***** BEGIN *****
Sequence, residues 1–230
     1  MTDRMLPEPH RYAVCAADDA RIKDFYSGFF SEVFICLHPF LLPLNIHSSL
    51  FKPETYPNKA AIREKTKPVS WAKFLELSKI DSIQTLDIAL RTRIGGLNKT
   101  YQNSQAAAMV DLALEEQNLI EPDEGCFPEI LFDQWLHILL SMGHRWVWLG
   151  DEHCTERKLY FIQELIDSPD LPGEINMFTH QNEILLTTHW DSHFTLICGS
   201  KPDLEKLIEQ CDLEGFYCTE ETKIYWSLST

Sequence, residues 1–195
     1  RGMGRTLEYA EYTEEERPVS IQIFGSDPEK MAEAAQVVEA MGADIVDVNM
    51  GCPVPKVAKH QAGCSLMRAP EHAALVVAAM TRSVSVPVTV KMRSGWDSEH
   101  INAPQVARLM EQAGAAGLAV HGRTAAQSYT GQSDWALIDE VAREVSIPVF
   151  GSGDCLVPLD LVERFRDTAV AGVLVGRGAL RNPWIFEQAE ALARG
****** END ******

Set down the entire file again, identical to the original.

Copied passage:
Sequence, residues 1–230
     1  MTDRMLPEPH RYAVCAADDA RIKDFYSGFF SEVFICLHPF LLPLNIHSSL
    51  FKPETYPNKA AIREKTKPVS WAKFLELSKI DSIQTLDIAL RTRIGGLNKT
   101  YQNSQAAAMV DLALEEQNLI EPDEGCFPEI LFDQWLHILL SMGHRWVWLG
   151  DEHCTERKLY FIQELIDSPD LPGEINMFTH QNEILLTTHW DSHFTLICGS
   201  KPDLEKLIEQ CDLEGFYCTE ETKIYWSLST

Sequence, residues 1–195
     1  RGMGRTLEYA EYTEEERPVS IQIFGSDPEK MAEAAQVVEA MGADIVDVNM
    51  GCPVPKVAKH QAGCSLMRAP EHAALVVAAM TRSVSVPVTV KMRSGWDSEH
   101  INAPQVARLM EQAGAAGLAV HGRTAAQSYT GQSDWALIDE VAREVSIPVF
   151  GSGDCLVPLD LVERFRDTAV AGVLVGRGAL RNPWIFEQAE ALARG